NASA will stop using racist nicknames for astronomical objects. The agency has removed terms that are offensive to people from indigenous and Asian communities.
For years, indigenous peoples have criticized the use of the word ‘Eskimo’ because of its racist roots: this term was a nickname NASA used for the planetary nebula NGC 2392.
In addition to the term “Eskimo”, the agency has also removed other terms that may be offensive: it will no longer use the term ‘Galaxy of Siamese Twins’ to refer to NGC 4567 and NGC 4568, a pair of spiral galaxies found in the Virgo galaxy cluster.
Thus, in the future, NASA will only use International Astronomical Union Designations in cases where nicknames are inappropriate.
The planetary nebula NGC 2392 (whose formerly racist nickname was dropped by NASA) is shown in this image from the Hubble Space Telescope, released on July 11, 2013.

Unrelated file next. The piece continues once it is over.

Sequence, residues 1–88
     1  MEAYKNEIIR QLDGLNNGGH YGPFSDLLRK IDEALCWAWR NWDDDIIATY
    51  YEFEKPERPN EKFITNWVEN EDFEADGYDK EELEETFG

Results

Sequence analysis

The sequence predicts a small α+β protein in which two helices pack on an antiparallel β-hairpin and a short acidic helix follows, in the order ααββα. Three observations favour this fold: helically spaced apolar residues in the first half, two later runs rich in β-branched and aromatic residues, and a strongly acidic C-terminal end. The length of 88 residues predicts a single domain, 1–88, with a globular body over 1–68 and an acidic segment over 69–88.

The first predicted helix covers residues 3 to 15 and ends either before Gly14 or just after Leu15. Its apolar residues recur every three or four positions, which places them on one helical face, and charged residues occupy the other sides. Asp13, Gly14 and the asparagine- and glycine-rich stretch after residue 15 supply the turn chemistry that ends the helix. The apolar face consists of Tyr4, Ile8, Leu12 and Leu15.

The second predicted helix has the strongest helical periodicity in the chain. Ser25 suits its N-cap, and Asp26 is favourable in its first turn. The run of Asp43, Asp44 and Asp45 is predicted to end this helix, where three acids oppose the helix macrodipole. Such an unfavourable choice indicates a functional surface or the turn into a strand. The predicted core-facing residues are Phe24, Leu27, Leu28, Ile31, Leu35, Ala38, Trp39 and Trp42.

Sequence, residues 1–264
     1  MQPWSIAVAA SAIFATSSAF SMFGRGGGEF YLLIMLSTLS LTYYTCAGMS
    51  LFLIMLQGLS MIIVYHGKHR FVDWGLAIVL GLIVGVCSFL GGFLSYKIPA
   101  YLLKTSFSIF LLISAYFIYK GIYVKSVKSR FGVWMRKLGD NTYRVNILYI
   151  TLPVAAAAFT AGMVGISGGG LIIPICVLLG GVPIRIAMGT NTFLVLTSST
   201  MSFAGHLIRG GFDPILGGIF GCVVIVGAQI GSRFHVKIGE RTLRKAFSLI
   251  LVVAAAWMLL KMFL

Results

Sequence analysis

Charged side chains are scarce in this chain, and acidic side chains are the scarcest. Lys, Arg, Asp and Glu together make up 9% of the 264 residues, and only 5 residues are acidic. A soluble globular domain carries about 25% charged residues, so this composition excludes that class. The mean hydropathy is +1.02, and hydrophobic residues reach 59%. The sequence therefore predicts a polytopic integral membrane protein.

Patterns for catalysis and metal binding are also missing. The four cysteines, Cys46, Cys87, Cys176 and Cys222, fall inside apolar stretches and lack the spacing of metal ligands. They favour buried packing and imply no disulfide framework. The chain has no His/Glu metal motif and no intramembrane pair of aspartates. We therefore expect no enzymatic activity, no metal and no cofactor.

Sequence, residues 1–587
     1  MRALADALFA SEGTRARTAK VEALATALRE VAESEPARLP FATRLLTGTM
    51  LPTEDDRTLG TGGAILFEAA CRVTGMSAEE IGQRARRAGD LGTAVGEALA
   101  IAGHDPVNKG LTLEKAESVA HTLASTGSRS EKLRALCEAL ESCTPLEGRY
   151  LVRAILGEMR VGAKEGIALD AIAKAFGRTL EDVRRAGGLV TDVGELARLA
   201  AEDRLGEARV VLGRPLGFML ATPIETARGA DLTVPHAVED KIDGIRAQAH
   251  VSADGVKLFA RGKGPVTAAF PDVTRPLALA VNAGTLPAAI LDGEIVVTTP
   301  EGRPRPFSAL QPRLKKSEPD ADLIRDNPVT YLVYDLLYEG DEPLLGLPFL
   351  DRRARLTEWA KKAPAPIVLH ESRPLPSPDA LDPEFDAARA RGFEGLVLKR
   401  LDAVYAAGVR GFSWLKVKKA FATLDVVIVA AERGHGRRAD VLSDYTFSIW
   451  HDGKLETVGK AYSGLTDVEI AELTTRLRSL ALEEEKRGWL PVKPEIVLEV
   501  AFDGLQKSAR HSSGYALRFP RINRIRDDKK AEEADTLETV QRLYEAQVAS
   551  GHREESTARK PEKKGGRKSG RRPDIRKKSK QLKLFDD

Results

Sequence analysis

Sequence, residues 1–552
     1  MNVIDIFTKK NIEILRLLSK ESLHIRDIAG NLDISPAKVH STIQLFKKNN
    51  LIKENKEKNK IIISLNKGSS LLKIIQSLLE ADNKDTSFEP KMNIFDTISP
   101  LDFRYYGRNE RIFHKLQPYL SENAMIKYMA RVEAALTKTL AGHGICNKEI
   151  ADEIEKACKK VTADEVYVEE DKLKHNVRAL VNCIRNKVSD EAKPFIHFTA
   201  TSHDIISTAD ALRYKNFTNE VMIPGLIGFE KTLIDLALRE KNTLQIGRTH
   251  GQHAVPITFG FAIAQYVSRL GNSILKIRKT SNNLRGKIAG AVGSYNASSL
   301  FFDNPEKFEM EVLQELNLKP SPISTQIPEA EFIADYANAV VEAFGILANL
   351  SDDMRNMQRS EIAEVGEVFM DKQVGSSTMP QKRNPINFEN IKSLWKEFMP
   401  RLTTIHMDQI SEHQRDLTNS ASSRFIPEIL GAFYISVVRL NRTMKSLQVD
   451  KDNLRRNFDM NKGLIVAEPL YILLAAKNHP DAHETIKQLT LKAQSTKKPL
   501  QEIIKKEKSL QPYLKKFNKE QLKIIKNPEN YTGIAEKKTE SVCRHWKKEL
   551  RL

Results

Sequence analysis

As explained Thomas zurbuchen, NASA Associate Administrator for Science Missions
I support our ongoing reassessment of the names by which we refer to astronomical objects. Our goal is for all names to be aligned with our diversity and inclusion values, and we will proactively work with the scientific community to help ensure this. Science is for everyone, and every facet of our work must reflect that value.
Although it is not yet clear what NASA’s next steps will be to manage and prevent the use of offensive language, the agency has announced in the statement that it is “examining its use of unofficial terminology for cosmic objects as part of its commitment to the diversity, equity and inclusion “. The agency added that work with experts on diversity, inclusion and equity within the astronomical and physical sciences as a guide.
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